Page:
In 1902 Gustav Mahler meets the 23 year old Alma Maria Schindler daughter of a famed sculptor, an amateur composer who was considered one of the most beautiful women in Vienna. The diminutive Mahler with thick glasses and a strange preoccupied air seemed an odd match for this blue eyed robust figured blonde but they marry. Alma Mahler was to live to 1964 and become one of the most fascinating women of her time and was to remain the muse for the remaining nine years of Mahler’s life. Mahler was to write in the next years his powerful Fifth Symphony which opens with a mighty funeral march and contains the short (for Mahler) and deeply affecting Adagietto a love song for Alma. Mahler was next to write two tragic works that were to become a presentiment of the calamities that were to befall him, The Kindertotenlieder (Songs for the Death of Children) and the massive Sixth Symphony. Alma and Mahler had two daughters, Maria and Anna. Alma felt that Mahler was tempting the fates by writing a song cycle about the death of children and the oldest did succumb to diphtheria at four in 1907. While the doctor was attending his daughter he was concerned about Mahler’s breathing and un healthy appearance examined him and determined that he had heart disease that was later diagnosed as an endocarditic heart which in those days was incurable. The gigantic last movement of the Sixth has three blows struck by a huge hammer on a block of wood ,after Mahler received his first two personal blows he deleted the third from the score to avoid tempting fate. Weakened by illness and grief he no longer had the will to fight off the ceaseless intrigues against him at the Vienna Opera and decided to take a financially rewarding position at the Metropolitan Opera in New York in the fall of 1907. During this period he wrote the mysterious and enigmatic Seventh Symphony the least popular of his symphonies but a great work with its three central “night pieces” none the less that points the way to works of Schoenberg and Berg.
Mahler initially has great success at the Met but the man who hires him Conried is replaced by Gatti-Cazazza of La Scala Milan who brings along his great imperious Music Director Arturo Toscanini. Mahler is eventually forced out from the Met but secures a very well paid position as music director of New York Philharmonic. The New York Phil was not as prestigious a position as it is now and Mahler had interference from a board run by wealthy society women who interfered with Mahler’s autocratic way of running things. In the interim Alma Mahler who had many famous lovers in her long life fell in love with the young Water Gropius who was to become one of the great architects of the 20th century. Mahler found out and was devastated; he sought out professional advice from none other then Sigmund Freud. Mahler reconciled with his wife. Mahler was to have one last triumph the greatest in his life the premier of the Symphony # 8 in Munich in 1910. This great two movement Choral Symphony written for an orchestra of 150 eight soloists and choruses of up to 800 was nicknamed the Symphony of a Thousand The first section was a setting of a medieval hymn, the second a setting of the final scene of Goethe’s Faust.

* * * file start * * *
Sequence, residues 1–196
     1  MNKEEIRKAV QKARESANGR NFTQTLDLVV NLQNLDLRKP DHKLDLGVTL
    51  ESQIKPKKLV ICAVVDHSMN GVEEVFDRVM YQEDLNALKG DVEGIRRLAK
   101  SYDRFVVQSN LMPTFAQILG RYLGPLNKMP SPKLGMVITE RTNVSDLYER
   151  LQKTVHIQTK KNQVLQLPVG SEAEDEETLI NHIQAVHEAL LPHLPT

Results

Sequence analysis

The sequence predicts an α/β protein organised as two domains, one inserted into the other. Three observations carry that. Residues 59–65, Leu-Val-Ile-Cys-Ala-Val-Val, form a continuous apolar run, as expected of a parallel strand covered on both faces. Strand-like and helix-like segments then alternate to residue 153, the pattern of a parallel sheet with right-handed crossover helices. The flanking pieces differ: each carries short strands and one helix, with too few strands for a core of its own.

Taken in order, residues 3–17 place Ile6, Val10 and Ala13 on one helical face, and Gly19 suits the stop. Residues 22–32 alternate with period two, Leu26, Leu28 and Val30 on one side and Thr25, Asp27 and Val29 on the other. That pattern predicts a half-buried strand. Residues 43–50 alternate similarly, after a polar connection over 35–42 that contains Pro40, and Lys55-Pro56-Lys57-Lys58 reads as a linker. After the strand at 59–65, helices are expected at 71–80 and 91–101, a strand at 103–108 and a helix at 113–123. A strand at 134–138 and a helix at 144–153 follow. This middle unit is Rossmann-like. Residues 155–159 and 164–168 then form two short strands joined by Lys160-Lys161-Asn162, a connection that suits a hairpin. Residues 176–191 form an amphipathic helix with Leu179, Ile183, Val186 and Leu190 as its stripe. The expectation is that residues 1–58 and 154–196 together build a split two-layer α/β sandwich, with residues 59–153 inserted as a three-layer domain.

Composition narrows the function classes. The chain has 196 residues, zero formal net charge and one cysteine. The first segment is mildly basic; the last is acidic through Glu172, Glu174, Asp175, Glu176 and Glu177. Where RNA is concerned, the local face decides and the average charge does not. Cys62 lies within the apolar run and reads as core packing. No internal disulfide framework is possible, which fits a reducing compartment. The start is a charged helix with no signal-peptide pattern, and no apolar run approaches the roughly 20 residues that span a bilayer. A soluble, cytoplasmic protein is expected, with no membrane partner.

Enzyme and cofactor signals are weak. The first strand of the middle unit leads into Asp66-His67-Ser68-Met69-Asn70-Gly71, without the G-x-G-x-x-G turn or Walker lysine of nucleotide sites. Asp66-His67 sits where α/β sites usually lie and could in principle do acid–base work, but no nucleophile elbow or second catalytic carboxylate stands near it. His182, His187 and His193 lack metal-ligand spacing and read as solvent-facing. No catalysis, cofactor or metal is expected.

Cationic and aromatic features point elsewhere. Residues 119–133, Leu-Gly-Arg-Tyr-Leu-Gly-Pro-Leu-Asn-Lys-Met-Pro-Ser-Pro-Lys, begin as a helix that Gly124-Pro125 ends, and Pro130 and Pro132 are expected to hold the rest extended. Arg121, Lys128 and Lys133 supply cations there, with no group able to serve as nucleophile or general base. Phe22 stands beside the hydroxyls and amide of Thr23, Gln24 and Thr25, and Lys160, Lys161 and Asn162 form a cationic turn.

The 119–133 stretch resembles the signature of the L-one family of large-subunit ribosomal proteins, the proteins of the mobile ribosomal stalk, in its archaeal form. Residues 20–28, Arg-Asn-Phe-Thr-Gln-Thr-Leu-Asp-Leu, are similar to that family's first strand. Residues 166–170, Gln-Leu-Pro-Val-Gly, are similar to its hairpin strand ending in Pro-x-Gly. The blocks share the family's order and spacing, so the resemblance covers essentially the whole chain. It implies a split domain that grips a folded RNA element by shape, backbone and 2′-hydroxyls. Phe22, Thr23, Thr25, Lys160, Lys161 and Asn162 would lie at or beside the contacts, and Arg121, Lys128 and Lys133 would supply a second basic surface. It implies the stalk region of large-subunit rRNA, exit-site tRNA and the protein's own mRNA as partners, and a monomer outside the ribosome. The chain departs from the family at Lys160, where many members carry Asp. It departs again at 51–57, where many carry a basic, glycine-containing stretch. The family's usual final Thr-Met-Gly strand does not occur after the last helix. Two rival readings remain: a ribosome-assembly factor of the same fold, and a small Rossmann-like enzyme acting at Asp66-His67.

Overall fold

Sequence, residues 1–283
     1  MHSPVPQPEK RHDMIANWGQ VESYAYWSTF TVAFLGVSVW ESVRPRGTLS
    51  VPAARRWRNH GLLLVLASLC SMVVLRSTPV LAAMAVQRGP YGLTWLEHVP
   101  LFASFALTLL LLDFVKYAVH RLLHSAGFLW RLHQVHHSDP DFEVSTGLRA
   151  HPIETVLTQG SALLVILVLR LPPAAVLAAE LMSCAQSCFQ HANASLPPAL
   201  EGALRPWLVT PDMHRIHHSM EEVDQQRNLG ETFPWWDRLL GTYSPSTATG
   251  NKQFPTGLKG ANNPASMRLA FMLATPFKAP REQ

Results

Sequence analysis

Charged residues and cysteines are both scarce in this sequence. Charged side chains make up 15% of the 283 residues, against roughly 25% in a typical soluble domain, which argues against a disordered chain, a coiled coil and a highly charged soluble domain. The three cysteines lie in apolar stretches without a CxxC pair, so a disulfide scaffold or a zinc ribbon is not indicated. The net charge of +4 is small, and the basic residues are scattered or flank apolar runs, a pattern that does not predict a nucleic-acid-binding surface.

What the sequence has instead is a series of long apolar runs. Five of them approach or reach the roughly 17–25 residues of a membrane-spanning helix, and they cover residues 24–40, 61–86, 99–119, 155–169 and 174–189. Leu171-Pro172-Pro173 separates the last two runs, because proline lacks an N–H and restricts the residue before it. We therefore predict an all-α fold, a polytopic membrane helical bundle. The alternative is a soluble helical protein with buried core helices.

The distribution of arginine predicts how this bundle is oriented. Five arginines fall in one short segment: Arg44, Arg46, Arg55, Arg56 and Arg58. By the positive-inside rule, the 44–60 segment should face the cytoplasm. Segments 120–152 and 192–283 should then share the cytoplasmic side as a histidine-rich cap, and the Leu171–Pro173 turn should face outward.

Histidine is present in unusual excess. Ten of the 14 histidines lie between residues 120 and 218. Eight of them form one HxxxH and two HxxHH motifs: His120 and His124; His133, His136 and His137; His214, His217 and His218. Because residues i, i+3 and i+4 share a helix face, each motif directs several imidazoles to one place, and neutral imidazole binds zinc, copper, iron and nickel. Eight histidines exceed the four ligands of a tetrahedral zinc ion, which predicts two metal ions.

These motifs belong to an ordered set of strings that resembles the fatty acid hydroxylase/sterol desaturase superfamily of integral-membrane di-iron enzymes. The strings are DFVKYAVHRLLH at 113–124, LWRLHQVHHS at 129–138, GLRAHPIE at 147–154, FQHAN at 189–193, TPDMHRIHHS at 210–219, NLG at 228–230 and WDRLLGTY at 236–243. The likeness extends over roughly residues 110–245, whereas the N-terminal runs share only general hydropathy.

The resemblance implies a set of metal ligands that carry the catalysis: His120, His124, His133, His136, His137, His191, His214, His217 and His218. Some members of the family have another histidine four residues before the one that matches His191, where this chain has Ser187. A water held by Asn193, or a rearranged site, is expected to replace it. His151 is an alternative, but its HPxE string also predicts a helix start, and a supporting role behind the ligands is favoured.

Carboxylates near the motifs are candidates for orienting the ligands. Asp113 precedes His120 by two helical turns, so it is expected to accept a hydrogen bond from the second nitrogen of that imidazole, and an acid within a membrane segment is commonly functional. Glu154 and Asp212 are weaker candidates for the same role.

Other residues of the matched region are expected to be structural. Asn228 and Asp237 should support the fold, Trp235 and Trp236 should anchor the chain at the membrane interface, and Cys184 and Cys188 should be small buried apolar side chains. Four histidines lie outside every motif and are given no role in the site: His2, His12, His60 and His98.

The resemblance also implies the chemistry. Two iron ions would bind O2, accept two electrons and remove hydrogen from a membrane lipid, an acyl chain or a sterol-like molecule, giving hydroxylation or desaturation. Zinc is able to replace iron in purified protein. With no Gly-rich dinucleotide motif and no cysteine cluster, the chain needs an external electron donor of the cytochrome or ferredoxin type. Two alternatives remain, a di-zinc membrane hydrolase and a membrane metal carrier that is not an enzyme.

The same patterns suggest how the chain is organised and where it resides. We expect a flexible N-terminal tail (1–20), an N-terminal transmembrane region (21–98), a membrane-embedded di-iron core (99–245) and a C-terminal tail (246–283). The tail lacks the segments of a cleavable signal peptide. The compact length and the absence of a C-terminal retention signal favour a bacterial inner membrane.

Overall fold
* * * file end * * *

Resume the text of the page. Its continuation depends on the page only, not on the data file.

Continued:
Mahler during the last two years of his life completed two great masterpieces Das Lied von Der Erde (Song of the Earth) and the Symphony # 9. The first work is an hour song cycle based on Chinese poems that express resignation in the face of death. The Ninth Symphony opens with huge first movement that is the most complex and impressive piece structurally that Mahler ever wrote and concludes with a beautiful slow Movement that ends as quietly and slowly as possible, a musical representation death. Mahler was in the throes of writing his Tenth Symphony a far more violent and bitter work then the Ninth when he died. The opening Adagio and short third movement were virtually complete and were approved for performance by Alma in 1924, the remaining three movements were elaborate sketches and were realized in a performing edition by the English musicologist Deryck Cooke in the 1960’s. Mahler’s heart disease by the spring of 1911 triggered a massive infection of his entire blood stream; he left New York for a Paris clinic with the hope that experimental treatments could clear the infection. It didn’t and Mahler requested to return to Vienna where he died on May 18h 1911.
Mahler while always viewed as a great conductor was a very controversial figure as a composer for the first six decades of the Twentieth Century. There were a sizeable group of Mahlerites who fervently supported his music led by his close friend and disciple the conductor Bruno Walter and other great conductors who knew Mahler, Willem Mengelberg and Otto Klemperer. When Hitler came into power his music was banned in Germany and upon the Annexation of Austria 1938 it was also banned there because of his Jewish origins. Signs of resurgence occurred in the 50’s due in great part to recordings. Around the time of the centennial of Mahler’s birth in 1960 there was a worldwide resurgence of performances and recordings of his music. In the vanguard of this surge was Leonard Bernstein perhaps the most celebrated classical musician of his age. Mahler at this present time is universally recognized to be in the pantheon of great composers. He once after a very harsh judgment of one of his works prophesized that “my time will come”, it most assuredly has.